Many Australians over 50 are concerned about running out of money in retirement, according to a recent report from National Seniors and Challenger. It appears to be triggered by a recent announcement from the Association of Superannuation Funds of Australia that you need a super balance $595,000 to have a comfortable retirement.
The reality is that it's impossible to quantify how much anybody will need when they retire: there is such a multitude of factors in play. Including the state of your health, your life expectancy, your spending habits, how often the kids put their hands out, and what level of age pension may be available to you.
There is also inflation. Suppose you are 50, and decide you will need $70,000 a year in today's dollars to live on if you decide to retire at age 65. If inflation was 2 per cent that would equate to $94,300 a year, but if inflation increased to 4 per cent that figure would leap to $126,000 a year. There's no magic number to aim for.
Remember too that a major plank of our current retirement income system is that at least a part age pension will be available for most retirees. Think about a couple, both aged 70, with $420,000 in superannuation and $30,000 in assets such as furniture and motor vehicles. Their super would be given a deemed value of $286 a fortnight, which is below the $360 a fortnight they can earn before they start to lose some pension under the income test. They are also under the asset test threshold, so would be entitled to a full pension of almost $43,000 a year, indexed.
They could increase that to $68,000 a year by drawing an indexed $25,000 a year from their super. If their super fund continued to earn 7 per cent a year, their money would last to age 98. An income-tested couple can also earn $24,960 a year from employment with no adverse effect on the pension - this could be another way to boost the budget. If they needed more money, their fallback is downsizing to release money from their home.
The key is preparation - so think about ways to maximise the amount of money you will have when you retire. Having a debt-free home makes a huge difference to your retirement resources, and a great strategy once you get to 50, is to switch your focus to maximising your super contributions instead of your loan repayments. A good superannuation fund should be returning 8 per cent - your home loan rate is probably 6 per cent.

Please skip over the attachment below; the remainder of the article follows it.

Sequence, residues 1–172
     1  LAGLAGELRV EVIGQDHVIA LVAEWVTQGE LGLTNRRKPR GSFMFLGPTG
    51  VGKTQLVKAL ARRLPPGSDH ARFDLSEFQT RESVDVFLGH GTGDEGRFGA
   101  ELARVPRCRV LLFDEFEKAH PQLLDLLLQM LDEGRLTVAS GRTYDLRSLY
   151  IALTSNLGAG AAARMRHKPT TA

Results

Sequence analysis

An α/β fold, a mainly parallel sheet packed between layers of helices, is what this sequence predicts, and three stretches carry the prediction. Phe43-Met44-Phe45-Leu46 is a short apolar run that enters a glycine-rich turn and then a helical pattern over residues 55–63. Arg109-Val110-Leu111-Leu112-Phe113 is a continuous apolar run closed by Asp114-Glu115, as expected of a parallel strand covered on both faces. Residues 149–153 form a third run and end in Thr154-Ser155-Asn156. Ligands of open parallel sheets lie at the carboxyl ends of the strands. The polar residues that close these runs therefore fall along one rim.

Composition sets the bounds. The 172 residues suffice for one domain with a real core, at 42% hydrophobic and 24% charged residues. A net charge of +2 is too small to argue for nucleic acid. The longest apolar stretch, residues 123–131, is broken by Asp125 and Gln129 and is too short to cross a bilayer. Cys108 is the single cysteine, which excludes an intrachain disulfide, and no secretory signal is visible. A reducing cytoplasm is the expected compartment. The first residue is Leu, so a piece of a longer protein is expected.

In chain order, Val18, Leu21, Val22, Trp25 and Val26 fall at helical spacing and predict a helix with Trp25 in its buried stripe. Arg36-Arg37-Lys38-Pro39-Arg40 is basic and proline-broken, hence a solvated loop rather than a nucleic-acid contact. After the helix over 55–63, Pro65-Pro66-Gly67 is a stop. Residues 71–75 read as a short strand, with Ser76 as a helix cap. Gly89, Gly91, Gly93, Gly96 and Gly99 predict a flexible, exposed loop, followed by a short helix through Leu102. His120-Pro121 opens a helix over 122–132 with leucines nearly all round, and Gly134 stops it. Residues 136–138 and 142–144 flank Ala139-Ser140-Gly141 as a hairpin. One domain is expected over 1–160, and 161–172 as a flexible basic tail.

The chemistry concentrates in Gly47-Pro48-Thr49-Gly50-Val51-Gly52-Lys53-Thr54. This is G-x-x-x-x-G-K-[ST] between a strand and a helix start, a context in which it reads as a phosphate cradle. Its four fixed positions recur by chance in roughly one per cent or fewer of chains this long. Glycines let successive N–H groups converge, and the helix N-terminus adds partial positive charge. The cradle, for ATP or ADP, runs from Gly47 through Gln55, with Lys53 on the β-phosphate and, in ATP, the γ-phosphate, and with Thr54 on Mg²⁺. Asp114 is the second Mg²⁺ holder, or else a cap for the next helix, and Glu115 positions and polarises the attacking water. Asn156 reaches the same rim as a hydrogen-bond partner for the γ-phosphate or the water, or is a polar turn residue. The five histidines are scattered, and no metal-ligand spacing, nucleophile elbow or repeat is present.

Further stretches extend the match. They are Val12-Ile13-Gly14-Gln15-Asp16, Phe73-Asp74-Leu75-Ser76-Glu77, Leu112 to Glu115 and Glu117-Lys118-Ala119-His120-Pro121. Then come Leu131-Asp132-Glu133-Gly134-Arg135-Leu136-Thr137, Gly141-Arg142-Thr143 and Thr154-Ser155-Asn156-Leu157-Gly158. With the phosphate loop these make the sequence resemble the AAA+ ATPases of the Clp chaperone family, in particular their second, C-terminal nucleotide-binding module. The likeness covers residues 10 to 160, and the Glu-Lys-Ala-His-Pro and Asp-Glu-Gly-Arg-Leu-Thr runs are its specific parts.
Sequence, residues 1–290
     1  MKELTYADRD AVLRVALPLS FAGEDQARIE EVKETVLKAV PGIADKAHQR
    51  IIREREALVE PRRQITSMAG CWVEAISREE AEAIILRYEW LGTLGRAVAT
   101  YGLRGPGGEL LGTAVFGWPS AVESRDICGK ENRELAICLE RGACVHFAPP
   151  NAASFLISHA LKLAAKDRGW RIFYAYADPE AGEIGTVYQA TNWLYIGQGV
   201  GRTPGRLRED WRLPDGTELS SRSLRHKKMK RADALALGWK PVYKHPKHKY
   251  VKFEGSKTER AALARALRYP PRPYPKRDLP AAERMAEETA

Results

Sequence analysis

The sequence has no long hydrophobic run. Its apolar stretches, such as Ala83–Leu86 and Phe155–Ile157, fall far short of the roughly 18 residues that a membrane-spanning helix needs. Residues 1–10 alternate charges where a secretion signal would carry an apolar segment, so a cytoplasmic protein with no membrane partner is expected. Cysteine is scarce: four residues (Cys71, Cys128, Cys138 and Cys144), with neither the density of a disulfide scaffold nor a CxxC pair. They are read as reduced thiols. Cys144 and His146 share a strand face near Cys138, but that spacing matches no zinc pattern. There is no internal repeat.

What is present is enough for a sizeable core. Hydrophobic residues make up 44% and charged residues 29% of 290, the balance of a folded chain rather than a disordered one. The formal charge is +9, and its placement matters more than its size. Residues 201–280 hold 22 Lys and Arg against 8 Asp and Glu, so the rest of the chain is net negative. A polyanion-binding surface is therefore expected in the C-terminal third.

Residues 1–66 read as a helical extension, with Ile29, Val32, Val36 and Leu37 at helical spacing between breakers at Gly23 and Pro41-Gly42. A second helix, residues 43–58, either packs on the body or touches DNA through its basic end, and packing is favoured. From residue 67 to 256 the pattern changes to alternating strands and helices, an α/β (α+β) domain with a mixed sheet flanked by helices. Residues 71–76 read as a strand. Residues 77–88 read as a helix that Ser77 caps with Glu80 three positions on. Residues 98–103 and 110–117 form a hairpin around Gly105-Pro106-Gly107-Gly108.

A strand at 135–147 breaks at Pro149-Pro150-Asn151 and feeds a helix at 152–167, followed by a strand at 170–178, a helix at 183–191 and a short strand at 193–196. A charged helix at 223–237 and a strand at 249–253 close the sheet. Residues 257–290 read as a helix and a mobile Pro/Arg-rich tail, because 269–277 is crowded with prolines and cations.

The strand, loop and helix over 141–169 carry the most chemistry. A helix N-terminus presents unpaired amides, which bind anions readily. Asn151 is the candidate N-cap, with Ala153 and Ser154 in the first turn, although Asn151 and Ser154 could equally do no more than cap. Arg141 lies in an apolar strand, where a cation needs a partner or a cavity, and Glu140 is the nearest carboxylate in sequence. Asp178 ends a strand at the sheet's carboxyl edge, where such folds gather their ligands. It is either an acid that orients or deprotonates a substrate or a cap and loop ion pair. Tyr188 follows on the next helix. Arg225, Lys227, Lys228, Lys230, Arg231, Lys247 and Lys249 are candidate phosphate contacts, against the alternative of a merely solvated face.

In addition, home loan repayments come from after-tax dollars, but superannuation contributions come from pre-tax dollars. Deductible contributions are limited to $27,500 a year from all sources. If you're earning $100,000 a year, your employer should be paying $11,000 a year, which means you can add $16,500 a year in extra tax-deductible contributions. Your contributions would have a 15 per cent entry tax, adding $14,000 a year to boost your super. In contrast, if that $16,500 was in your pay packet, it would be worth only $10,800 after tax.
Doing this means a bigger super balance when you retire. If you still have a home loan then, you could either pay out the loan, or take the mortgage payments from your super fund, leaving a bigger balance to grow. The easiest way to boost your portfolio is to use time.
CASE STUDY: A person who is 60 and earning $100,000 a year will have $500,000 in super if they retire now - but if they can delay their retirement for just five more years their super should be worth $800,000. That's the equivalent of earning an extra $60,000 a year tax-free. And if they can hang on till 70 that super should become $1.2 million. A two-income family can double those numbers, but their costs will be less than double.
The examples above are simple and achievable - it's silly to worry about being broke in retirement. Get the facts instead, and then put strategies in place to make sure your golden years are your best. But don't delay - get time on your side as soon as possible.
- Noel Whittaker is the author of Retirement Made Simple and many other personal finance books. Email: email@example.com